NOKsi cells were essentially established from normal epidermal and oral mucosal tissues, respectively, and maintained
normal phenotypic features. Samples were also analyzed
using the standard ELISA method, and gave excellent
correlations with our AuNP immunosensor (Figure 4 B).
These results confirm the accuracy of this immunosensor for
measurement of IL-8 in complex samples of a variety of
cancer cell types.
In summary, we have reported a new electrochemical
immunosensor protein detection method with ultrasensitive,
selective, and reproducible measurement of IL-8. The streptavidin-modified magnetic bead amplification strategy gave a
DL of 1.0 fg mL 1, to our knowledge the lowest yet reported
for a protein in serum. This DL is 30 000-fold lower than that
of the conventional ELISA and about 1000-fold lower than
that of commercial bead-based protein assays.[3, 9] Accurate
results were demonstrated for cell culture media samples
representative of low cancer-free and high expression levels in
cancer patients for a range of head and neck cancer cell lines.
The strategy reported for these single-protein sensors has
2011 Wiley-VCH Verlag GmbH & Co. KGaA, Weinheim
great promise for extension to arrays for clinical cancer
screening and therapy monitoring.
Experimental Section
Monoclonal antihuman IL-8 antibody, biotinylated antihuman IL-8
antibody, recombinant IL-8 in calf serum, and streptavidin–HRP
were from R&D Systems, Inc. HaCaT and the oral cancer cell lines
were cultured as previously described[24] in Dulbeccos modified
Eagles medium (DMEM) supplemented with 10 % fetal bovine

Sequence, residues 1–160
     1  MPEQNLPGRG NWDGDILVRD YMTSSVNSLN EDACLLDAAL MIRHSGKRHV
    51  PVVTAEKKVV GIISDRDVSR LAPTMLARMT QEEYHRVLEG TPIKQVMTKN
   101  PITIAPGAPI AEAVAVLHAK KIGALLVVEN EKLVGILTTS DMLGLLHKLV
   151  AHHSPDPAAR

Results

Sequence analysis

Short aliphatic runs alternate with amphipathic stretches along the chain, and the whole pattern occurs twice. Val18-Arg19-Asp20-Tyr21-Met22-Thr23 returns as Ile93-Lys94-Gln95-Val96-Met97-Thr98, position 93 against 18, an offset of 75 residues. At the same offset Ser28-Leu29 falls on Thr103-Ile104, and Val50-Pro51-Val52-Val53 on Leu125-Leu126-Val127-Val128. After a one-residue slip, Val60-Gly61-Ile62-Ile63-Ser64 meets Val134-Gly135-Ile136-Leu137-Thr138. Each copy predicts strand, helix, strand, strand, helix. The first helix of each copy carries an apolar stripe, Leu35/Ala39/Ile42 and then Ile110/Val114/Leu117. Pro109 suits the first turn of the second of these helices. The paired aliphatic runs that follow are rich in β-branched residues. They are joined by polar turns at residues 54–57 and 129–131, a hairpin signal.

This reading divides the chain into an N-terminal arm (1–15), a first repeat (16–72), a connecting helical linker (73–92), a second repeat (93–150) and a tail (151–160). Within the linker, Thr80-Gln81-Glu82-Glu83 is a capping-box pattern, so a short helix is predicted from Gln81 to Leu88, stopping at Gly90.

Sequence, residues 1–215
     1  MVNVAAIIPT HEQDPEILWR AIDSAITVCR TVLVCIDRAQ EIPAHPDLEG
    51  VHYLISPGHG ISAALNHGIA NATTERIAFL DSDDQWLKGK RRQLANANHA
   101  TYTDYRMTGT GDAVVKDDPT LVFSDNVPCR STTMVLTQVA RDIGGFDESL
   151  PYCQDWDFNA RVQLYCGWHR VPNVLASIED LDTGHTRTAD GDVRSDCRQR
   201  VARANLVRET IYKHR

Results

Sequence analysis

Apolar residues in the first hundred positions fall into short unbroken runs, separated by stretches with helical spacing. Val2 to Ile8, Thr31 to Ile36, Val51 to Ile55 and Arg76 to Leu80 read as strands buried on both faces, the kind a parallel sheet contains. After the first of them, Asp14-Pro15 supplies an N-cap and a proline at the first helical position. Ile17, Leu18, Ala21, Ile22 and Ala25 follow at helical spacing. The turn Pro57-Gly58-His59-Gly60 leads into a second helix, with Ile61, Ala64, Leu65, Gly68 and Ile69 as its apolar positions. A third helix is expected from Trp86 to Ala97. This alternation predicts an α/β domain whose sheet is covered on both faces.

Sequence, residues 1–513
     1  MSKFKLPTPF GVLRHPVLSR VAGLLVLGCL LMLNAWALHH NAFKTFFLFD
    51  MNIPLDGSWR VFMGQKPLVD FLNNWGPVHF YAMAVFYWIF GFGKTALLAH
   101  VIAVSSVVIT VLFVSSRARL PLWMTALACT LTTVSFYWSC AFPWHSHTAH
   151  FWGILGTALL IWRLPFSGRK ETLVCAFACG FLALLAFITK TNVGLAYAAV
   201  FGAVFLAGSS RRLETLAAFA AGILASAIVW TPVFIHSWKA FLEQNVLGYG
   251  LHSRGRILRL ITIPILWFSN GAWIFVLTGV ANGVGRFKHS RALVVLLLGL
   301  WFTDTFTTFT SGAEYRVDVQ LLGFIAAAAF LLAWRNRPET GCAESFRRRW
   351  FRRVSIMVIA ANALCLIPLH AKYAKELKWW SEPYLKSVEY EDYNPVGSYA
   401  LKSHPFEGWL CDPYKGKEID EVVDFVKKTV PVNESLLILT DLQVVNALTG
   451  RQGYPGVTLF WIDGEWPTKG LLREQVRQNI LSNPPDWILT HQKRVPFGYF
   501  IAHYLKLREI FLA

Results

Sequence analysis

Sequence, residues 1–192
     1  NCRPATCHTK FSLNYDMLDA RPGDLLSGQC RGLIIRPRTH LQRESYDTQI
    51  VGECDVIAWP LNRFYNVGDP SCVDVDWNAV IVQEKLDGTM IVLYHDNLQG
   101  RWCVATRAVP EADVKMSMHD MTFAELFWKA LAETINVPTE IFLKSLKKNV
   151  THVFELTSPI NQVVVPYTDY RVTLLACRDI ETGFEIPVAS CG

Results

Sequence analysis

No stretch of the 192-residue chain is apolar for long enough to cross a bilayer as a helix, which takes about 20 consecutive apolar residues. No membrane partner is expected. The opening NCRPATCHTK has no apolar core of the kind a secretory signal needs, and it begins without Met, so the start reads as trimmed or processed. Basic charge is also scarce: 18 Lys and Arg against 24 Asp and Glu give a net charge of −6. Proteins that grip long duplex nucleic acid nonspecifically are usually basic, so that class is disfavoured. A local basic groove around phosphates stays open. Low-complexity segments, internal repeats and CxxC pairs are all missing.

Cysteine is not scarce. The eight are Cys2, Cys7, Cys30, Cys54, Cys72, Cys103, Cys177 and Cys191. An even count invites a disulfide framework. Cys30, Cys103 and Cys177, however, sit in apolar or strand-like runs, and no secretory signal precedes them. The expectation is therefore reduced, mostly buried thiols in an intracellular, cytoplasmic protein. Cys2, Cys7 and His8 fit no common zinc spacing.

serum (FBS), at 37 8C in 95 % air/5 % CO2, and the immortalized
NOKsi cells were grown in defined keratinocyte serum-free medium
KGM with the provided growth supplements (Invitrogen). Conditioned media from the different cells were prepared by incubating
cells at 60–70 % confluence, for 48 h in DMEM or KGM without
supplements. Harvested conditioned media were then filtered to
remove cellular debris and the samples were divided into aliquots and
stored at 70 8C prior to analysis. Streptavidin-coated superparamagnetic beads were from Polyscience, Inc. Biotinylated HRP was
from Invitrogen. HRP (molecular weight 44 000 Da), lyophilized
99 % BSA, Tween 20, methanol, acetic acid, sodium borohydride,
gold(III) chloride trihydrate, poly(diallyldimethylammonium chloride) (PDDA; 20 wt. % in water), and l-glutathione were from
Sigma–Aldrich. Immunoreagents were dissolved in PBS buffer
(0.137 m NaCl, 2.7 mm KCl, 8.1 mm Na2HPO4, 1.5 mm NaH2PO4 ;
pH 7.2). N-Hydroxysulfosuccinimide (NHS) and 1-[3-(dimethylamino)propyl]-3-ethyl carbodiimide hydrochloride (EDC) from Aldrich
were dissolved in water immediately before use. A GSH-AuNP
platform was assembled on the pyrolytic graphite (PG) tip of an
electrode using a monolayer of PDDA. Capture antibody (Ab1) was
attached on the GSH-AuNP platform followed by IL-8 standards in
serum and/or conditioned media samples. Then Ab2–HRP(14–16) was
added for electrochemical detection of elevated levels of IL-8.
Alternatively, massively loaded 1 mm magnetic beads (Ab2–MB–
HRP) with hundreds of thousands of HRP labels were used to detect
ultralow levels of IL-8. Finally, the sensor was placed in an electrochemical cell containing PBS buffer (10 mL, pH 7.2) with 1 mm
hydroquinone as a mediator. Amperometry was performed by
rotating the disk at 2000 rpm and then injecting 0.4 mm H2O2 to
generate the electrochemical signal. Details of GSH-AuNP platform
fabrication, synthesis of Ab2–MB–HRP bioconjugate, and the immunosensor protocol are provided in the Supporting Information.
Received: April 28, 2011
Published online: June 30, 2011
Keywords: cancer · electrochemistry · immunosensors ·
interleukin-8 · magnetic beads